Having competed in cycling for the past 8 years, I have raced on many of the British closed circuits that the youth national circuit series consisted of each year. These races equipped me with an amazing basis as a youth for my cycling career to build off, as they are held on safe roads and circuits that allow for a rider to learn and improve. They also allow for a rider to compare themselves against riders from around the nation, but generally skills-wise we aren’t being tested to the same level as riders of the same age from different countries.
In addition to racing in the regional and national races held in the UK, getting exposure in different races abroad as a youth is important because it broadens skill ability and also prepares one for the bigger races as a junior and older, instead of being thrown into the deep end at more important races.
At the moment I can only compare racing in the UK with that in Holland and Spain but having raced at the European tour of Assen in Holland for 4 consecutive years, from first year under 12s to second year under 14s (in category 3-6), I would definitely recommend it for anyone who hasn’t been, especially as a race to introduce someone to racing abroad. It would definitely be one of my favourite races as a youth, as it provides an amazing opportunity to race internationally at one of the biggest and well-known road tours for youth in the world while also getting valuable race experience. Over my years there I have gathered various jerseys such as the yellow, white and pink but they are now all sadly too small for me.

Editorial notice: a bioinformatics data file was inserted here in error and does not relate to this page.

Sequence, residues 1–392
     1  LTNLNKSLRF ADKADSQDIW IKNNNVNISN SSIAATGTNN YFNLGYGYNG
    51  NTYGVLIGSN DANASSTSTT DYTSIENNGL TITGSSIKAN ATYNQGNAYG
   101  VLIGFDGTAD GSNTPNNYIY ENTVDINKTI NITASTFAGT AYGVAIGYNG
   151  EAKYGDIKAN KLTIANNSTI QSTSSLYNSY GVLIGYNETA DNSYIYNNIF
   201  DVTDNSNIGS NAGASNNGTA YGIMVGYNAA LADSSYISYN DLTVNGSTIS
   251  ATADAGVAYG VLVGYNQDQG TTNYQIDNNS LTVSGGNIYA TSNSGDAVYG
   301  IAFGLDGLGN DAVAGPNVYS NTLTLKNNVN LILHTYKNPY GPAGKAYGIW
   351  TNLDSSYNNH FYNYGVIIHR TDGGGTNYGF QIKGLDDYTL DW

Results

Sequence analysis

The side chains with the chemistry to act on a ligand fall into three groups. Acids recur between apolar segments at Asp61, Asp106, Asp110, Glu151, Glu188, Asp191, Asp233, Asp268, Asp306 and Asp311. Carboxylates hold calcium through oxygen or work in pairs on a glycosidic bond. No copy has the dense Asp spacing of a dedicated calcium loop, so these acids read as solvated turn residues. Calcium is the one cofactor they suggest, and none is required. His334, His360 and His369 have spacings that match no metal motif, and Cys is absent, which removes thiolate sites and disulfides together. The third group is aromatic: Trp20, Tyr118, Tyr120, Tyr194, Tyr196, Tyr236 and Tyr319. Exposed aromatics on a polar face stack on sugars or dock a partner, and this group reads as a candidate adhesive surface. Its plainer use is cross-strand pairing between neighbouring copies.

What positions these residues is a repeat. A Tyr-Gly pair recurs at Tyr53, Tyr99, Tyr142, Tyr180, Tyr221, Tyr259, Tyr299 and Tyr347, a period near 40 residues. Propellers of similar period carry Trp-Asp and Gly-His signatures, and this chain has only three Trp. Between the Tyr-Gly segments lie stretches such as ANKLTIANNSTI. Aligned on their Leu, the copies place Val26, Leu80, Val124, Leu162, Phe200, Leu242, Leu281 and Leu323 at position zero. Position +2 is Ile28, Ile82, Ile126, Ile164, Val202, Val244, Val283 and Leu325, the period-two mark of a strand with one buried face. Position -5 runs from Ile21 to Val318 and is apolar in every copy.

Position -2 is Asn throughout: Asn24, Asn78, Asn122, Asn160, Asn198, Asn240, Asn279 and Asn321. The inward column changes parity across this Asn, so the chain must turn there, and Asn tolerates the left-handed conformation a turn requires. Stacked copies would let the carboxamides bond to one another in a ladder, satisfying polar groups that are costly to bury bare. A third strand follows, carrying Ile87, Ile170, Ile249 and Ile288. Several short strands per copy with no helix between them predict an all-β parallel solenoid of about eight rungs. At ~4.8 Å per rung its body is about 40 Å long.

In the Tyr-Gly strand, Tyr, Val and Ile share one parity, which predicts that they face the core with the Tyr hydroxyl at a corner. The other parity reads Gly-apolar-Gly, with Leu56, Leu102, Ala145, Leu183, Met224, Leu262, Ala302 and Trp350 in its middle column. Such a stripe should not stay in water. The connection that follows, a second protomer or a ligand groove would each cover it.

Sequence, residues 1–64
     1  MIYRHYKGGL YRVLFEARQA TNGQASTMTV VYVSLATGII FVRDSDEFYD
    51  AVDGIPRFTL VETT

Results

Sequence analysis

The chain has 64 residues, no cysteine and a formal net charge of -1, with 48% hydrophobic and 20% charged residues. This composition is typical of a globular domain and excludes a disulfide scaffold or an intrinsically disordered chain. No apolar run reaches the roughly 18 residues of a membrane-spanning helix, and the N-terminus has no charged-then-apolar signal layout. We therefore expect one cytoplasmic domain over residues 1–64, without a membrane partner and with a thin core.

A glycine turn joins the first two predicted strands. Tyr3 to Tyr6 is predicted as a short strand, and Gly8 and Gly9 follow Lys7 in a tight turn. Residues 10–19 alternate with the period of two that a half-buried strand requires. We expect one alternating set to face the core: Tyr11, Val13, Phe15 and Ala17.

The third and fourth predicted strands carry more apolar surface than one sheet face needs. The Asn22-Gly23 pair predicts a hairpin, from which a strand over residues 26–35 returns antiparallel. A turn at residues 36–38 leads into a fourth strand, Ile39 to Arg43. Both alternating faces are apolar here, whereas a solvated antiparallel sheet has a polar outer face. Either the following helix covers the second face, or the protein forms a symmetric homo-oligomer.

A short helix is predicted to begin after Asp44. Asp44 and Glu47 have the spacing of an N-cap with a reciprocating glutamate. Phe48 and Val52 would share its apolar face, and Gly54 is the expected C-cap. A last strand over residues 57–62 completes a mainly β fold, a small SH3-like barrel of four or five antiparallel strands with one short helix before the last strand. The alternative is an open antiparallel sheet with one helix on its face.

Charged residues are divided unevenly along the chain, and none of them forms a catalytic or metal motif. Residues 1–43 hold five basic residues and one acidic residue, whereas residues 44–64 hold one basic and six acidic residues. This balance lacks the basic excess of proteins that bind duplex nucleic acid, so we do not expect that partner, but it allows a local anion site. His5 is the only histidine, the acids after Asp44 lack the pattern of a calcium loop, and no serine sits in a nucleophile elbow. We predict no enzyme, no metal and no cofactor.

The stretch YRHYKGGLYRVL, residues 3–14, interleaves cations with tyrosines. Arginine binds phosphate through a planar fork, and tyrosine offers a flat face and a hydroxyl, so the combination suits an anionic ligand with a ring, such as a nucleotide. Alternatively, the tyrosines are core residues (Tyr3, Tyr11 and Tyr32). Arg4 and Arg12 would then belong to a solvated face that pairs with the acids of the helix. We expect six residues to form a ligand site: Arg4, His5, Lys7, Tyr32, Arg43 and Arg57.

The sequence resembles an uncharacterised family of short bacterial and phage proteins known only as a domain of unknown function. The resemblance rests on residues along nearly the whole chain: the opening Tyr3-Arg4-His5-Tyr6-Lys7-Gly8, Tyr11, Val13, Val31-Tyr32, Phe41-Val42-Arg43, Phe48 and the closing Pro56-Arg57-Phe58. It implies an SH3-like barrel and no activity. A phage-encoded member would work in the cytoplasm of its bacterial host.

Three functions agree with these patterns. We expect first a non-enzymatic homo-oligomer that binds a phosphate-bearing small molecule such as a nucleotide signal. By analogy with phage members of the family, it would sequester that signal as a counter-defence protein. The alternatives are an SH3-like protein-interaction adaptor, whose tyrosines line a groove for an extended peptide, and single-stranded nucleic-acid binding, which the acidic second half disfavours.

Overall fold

For those who don’t know much about Assen, the tour consists of 6 days of racing back to back including races such as a prologue, time trial, classic and crit. Trying to get a place in the tour is always a struggle as the demand of people wanting to race is really high, with the total places gone in minutes. I found this especially in the categories I raced, so you had to be quick to enter. Up to the age of 14, girls race with boys a year younger than them, which is a challenge as boys racing tends to be more aggressive in the bunch than girls. Over the years my bunch skills developed as not only was I able to perform in the prologues and time trials, (which tended to be my strong point) but I began to hold my own more in the bunch races, being up near the front. I never went on to race in the Nieuwelingen category (roughly 16s) which is the first year girls ride on their own, as I went to the British track nationals instead, but from there races would have got longer and I’m gutted I never got to experience it. The area in Holland that we race in is also extremely flat with the biggest hill being that of going over a motorway (as a youth anyway!) I always liked this because I’m not the biggest fan of hills so I was more in my element.
My times there have also been some of my favourite holidays, being with my friends most of the day, spending my time either racing or in the pool. Another great place to race is Spain but I will explain my experiences there in my next blog.